Eden Lake is a refreshing entry in the horror genre. It was made in 2008, but is reminiscent of films of an era long ago. It especially seems to follow in the tradition of films such as 1972’s Deliverance. Normal people go into the wilderness, and find themselves unexpectedly under attack seemingly without reason in an unfamiliar setting. It is relentlessly unpleasant to watch, but so well-crafted and suspenseful the viewer becomes engrossed in the story. It proves some of the best horror doesn’t involve impressive special effects or jump scares.
Made on a small budget by a first time director (James Watkins), it also did not feature any actors who were major stars at the time. The main characters are Jenny, played by Kelly Reilly, and her boyfriend Steve, played by Michael Fassbender. Fassbender has gone on to become a major star, but here he was still relatively unknown. It works in the movie’s favor as some times star power can take away from a film’s sense of realism.
The film opens with Jenny, a school teacher, interacting with young students. Right away it is obvious she is a caring and kind person. Jenny and Steve decide to get away from it all for the weekend in the woods. The area is to be developed into a neighborhood called Eden Lake, and the couple wishes to go there before it is “ruined” by man. This is another similarity to the film Deliverance, as in that film the characters wish to raft down a river before it gets dammed up for urban development.
On their way, the couple’s GPS tells them to “turn around at the first opportunity”. This is an early warning sign that something is about to go wrong, a nice little touch by the filmmakers. Once at the Lake, Jenny and Steve come across a gang of young kids who are seemingly all around the ages of 12. The couple tries to enjoy themselves, but the gang harasses them and acts rudely towards them for no good reason. Steve can’t turn the other cheek and tries to stand up to them. This leads to a series of events where the gang repeatedly torments the couple, even stealing their car at one point. Steve attempts to get the car back and accidentally kills the gang’s dog during a physical altercation. This sets the gang off, and they capture and torture Steve, leaving Jenny to fend for herself. Jenny becomes the focus of the film as she attempts to rescue Steve and get out of the woods with their lives intact.
One of the things that makes the film so unique is that the villains are considerably younger than the main characters. The gang is smaller and younger, but have the numbers advantage and wreak havoc on the two twenty-somethings and turn their weekend into a nightmarish experience. It would be so easy for this film not to work for that reason, but to the film’s credit this aspect remains believable. The characters all feel realistic, which makes it so easy to feel sympathy for Jenny and Steve and anger towards the gang.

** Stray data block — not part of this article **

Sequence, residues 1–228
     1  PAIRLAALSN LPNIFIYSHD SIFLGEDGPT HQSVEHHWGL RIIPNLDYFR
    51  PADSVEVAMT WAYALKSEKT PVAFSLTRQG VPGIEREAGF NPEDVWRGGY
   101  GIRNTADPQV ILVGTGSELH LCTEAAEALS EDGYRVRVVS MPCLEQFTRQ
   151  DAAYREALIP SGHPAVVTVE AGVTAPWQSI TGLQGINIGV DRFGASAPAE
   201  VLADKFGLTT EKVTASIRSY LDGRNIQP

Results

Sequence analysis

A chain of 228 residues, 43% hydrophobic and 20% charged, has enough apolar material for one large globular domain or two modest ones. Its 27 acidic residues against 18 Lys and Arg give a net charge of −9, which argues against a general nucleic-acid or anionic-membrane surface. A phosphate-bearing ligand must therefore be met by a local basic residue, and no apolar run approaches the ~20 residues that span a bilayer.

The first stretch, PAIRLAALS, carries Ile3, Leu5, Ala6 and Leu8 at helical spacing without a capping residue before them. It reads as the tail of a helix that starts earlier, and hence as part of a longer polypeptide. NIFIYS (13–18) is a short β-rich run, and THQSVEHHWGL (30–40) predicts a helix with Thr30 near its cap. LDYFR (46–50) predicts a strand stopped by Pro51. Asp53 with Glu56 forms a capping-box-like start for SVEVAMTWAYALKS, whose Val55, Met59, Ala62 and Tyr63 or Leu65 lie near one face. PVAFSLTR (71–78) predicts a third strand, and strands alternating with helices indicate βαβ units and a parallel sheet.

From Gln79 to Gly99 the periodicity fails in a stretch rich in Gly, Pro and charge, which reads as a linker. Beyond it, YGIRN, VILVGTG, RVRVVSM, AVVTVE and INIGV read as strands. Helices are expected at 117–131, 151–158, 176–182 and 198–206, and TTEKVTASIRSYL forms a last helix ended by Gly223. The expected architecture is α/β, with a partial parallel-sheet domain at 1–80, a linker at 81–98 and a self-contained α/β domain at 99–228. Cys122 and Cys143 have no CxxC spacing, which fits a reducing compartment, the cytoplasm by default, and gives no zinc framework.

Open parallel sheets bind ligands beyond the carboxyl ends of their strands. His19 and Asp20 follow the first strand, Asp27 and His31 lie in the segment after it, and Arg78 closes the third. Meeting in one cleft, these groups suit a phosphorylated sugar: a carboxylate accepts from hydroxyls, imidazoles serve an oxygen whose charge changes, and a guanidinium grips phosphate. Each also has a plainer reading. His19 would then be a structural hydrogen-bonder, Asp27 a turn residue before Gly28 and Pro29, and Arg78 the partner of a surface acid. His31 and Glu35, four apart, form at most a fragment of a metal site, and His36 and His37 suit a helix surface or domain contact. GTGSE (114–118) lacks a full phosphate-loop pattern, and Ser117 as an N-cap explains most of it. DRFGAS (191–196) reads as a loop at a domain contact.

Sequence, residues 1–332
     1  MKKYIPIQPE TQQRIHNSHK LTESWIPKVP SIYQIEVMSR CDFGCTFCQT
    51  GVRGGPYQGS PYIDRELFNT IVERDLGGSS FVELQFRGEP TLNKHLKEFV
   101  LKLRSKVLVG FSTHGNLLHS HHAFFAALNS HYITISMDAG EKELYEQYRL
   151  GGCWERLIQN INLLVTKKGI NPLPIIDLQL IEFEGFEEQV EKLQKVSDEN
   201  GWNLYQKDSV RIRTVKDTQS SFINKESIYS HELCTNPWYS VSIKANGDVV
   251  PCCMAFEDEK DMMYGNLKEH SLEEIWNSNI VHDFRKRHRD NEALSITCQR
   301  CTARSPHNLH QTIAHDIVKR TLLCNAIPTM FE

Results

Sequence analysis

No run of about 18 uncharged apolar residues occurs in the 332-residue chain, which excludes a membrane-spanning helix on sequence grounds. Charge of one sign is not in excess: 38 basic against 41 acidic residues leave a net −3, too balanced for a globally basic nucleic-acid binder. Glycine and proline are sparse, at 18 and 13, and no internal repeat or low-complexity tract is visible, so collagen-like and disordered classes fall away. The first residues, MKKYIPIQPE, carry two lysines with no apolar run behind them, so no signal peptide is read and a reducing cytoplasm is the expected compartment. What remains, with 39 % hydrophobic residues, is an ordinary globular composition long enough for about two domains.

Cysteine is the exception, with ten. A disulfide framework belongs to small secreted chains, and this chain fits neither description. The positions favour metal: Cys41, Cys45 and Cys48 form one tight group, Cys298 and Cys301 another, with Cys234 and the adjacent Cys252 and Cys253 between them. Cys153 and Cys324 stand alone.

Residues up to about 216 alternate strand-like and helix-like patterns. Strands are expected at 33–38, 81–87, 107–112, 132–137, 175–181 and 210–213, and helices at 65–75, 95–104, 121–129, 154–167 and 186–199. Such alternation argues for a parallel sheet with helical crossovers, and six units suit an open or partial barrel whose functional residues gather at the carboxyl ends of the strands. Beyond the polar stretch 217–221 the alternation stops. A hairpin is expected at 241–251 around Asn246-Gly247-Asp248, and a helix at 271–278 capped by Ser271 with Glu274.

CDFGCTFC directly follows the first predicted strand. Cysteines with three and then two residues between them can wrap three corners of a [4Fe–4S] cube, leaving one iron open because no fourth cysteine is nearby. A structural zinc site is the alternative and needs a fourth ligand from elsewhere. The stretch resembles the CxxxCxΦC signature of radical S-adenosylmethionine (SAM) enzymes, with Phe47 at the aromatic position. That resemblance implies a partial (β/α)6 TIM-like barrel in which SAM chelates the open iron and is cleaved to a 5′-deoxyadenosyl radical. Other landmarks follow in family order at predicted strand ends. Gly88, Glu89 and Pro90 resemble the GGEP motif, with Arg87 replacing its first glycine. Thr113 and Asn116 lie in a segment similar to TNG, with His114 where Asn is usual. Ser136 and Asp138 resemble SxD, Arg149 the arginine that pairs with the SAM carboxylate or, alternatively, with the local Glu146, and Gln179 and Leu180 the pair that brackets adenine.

The film’s tone is consistently dark and unhappy once Jenny and Steve come across the antagonists. The acting is very believable by everyone involved. This film relies heavily on being realistic, and Fassbender and Reilly turn in good performances. Neither character is perfect, as Steve does some stubborn things that set off the gang and Jenny makes bad decisions under pressure. This makes them seem more like people the audience can identify with. It is relentlessly suspenseful and never deviates from the story it is trying to tell. It is hard not to cringe seeing Steve get tortured and Jenny scrambling in terror. All of the horror in this film comes from the sympathy it creates for these characters, and it is very effective.
If there is a criticism to be made of this film, it is that it gets a little silly at times in the third act. Where most films suffer from characters experiencing unrealistic good luck, in this film the misfortune is unrealistic. The believability falters a bit as some unrealistic events take place which make the situation worse. Most of the film is excellent in feeling realistic, and while it retains its consistent tone, the plausibility comes under question later in the film.
Overall, this is an effective film. It is an experience. The story is consistently engaging and while not a fun film to watch, it’s one that will take the audience on an emotional journey. It has great performances, a very appropriate look and feel, and competent direction. Some great horror movies are a fun thrill ride that will make you jump and laugh while you are scared. This is one that will scare you and while giving you a sinking feeling in your stomach.